The Grand Budapest Hotel
Starring Ralph Fiennes, Tony Revolri, Saoirse Ronan, Edward Nortnon, Tilda Swinton, Jude Law, Bill Murray, Owen Wilson, Adrien Brody, Willem Dafoe, Jeff Goldblum, F. Murray Abraham, Tom Wilkinson, Harvey Keitel, Jason Schwartzman, Bob Balaban, Lea Seydoux
There should never be any confusion about which films are by Wes Anderson. He is an auteur in every meaning of the word, as he has carved out a specific niche for his own distinctive creativity. Like a painter who reinvented brush strokes or a vocal artist with a special sound, Wes Anderson’s films are uniquely his own. He isn’t simply limited to the wildly imaginative characters with his favorite actors playing them, nor is his work simply distinctive because of the brilliant screenplays he delivers; a Wes Anderson film is most identifiable by its look, feel and appearance. Like the submarine world of Life Aquatic, the train travels of Darjeeling Limited or the remote and foggy island of Moonrise Kingdom, Grand Budapest Hotel has its own storybook quality with intricate moving pieces, fascinating people and delicious theatricality.
A young writer (Law) is eager to understand how the elderly Grand Budapest Hotel owner, Mr. Moustafa(Abraham), came to be in charge of the mountaintop retreat–and so the story begins… The original concierge M. Gustave (Fiennes) hired a young Zero Moustafa (Revolri) as a lobby boy, but their adventures together would make them more like brothers. Known for his amazing attention to detail and service, especially to elderly, rich blonde women, Gustave becomes embroiled in a family inheritance war when one of his patrons, Madame D. (Swinton), passes away. She wills him her most priceless position, and the ruthless family refuses to honor her wishes.
Like a painter who reinvented brush strokes or a vocal artist with a special sound, Wes Anderson’s films are uniquely his own.
Wes Anderson, a Houston-Texas native, isn’t afraid of color; in fact, it’s used in vibrant accentuation with most of his films. He uses a dedicated color pattern for each large set, which almost always has its own duplicate miniature. The hotel’s exterior is light pink, the modern day lobby is groovy orange, the spa completely blue, the elevators a heightened red, and so on. The obvious miniatures (smaller versions of big sets like the hotel, ski lifts, etc) are also highly detailed, but the way the camera focuses on them reinforce the storybook idea, complete with chapters. His attention to detail is also extraordinary, and never has that been more apparent than in the makeup design for Oscar winner Tilda Swinton, who plays an 84-year old.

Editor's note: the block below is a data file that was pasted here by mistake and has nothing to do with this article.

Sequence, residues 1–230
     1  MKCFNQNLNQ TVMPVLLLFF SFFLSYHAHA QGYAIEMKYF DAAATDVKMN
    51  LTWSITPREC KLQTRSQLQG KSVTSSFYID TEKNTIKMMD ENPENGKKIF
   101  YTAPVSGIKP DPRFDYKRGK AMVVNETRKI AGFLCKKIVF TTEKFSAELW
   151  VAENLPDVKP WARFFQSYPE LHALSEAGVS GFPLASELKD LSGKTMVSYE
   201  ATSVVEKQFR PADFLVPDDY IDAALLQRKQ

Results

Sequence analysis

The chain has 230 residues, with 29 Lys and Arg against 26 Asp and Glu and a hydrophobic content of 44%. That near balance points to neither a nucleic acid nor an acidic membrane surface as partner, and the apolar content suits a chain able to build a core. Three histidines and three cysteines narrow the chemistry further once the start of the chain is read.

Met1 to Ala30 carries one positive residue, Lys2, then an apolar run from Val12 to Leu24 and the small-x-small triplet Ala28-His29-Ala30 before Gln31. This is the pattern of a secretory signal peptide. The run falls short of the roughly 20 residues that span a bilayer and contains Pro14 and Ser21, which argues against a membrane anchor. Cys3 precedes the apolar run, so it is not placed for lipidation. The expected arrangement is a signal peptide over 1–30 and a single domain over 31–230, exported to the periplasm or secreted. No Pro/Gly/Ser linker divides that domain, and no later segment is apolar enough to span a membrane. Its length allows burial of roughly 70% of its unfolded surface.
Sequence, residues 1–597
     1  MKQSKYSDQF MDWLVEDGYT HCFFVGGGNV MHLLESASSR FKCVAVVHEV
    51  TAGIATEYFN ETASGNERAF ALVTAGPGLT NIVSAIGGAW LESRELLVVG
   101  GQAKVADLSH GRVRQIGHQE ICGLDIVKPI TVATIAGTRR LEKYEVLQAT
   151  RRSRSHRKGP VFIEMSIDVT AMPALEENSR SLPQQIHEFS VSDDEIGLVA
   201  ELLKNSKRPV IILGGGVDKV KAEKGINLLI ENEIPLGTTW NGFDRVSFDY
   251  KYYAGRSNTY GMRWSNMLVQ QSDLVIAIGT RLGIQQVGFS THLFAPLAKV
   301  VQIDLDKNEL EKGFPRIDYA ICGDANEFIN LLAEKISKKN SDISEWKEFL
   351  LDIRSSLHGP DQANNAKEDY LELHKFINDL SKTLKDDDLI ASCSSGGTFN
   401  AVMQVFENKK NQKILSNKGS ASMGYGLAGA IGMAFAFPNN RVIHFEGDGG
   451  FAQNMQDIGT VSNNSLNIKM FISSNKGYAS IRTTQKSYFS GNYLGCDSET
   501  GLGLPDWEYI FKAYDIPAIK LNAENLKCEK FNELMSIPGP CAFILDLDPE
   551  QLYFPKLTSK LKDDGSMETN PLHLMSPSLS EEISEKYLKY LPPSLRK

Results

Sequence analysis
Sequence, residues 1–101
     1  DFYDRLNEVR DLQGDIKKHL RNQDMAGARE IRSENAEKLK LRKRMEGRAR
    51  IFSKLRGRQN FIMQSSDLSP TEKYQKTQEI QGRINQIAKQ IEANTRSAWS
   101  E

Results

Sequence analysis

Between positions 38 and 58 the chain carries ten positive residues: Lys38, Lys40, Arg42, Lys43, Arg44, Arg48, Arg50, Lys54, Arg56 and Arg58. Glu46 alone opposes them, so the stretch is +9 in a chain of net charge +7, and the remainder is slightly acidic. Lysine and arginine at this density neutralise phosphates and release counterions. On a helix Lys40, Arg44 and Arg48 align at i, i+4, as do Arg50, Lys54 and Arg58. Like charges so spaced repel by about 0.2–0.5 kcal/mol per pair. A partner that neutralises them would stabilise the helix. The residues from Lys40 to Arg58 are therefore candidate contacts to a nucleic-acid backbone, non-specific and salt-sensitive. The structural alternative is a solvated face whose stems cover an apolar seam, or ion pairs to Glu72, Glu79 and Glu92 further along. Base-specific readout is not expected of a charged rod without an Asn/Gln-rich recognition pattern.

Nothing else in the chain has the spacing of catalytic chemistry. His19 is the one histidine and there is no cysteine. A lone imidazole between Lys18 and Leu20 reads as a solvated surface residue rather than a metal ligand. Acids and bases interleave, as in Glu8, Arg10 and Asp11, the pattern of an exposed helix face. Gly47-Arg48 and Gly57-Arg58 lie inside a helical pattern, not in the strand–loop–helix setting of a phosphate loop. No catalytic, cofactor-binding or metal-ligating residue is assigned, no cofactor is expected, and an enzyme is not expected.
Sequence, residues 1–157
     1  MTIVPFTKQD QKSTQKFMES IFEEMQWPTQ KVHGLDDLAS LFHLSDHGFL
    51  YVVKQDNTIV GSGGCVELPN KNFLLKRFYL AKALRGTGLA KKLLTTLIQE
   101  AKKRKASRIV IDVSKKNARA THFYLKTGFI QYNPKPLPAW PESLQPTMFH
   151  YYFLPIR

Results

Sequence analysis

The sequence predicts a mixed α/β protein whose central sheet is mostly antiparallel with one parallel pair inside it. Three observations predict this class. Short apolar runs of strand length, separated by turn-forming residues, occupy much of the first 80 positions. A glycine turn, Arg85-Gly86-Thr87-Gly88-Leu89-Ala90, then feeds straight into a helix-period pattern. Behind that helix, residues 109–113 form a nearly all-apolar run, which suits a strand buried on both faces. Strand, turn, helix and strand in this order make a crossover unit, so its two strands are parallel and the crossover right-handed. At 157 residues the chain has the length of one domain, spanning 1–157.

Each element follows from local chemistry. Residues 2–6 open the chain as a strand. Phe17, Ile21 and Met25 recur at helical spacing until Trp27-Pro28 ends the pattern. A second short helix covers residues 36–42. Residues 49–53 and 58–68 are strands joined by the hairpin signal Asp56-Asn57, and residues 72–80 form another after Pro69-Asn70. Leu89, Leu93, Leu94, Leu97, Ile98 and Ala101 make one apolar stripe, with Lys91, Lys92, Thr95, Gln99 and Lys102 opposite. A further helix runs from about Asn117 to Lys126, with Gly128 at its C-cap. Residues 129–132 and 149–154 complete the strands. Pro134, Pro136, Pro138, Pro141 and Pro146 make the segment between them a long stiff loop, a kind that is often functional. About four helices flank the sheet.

Each of Anderson’s stories/tales/films deliver adventures with interesting characters moving through them. Fiennes is working with Anderson for the first time and is given a surprising chance to be extremely funny; he excels in every scene with short, precise remarks and quips. Most of the actors Anderson has worked with in the past appear in small cameo scenes, which only makes the production seem more expansive, having prestigious names in roles with little to no dialogue. The film’s greatest moments are certainly within the confines of the hotel and the lesser ones when our lead is imprisoned. If there is one thing Anderson’s films lack, it’s emotion, but everything else nearly makes up for it.
A delicious, pop-up storybook adventure.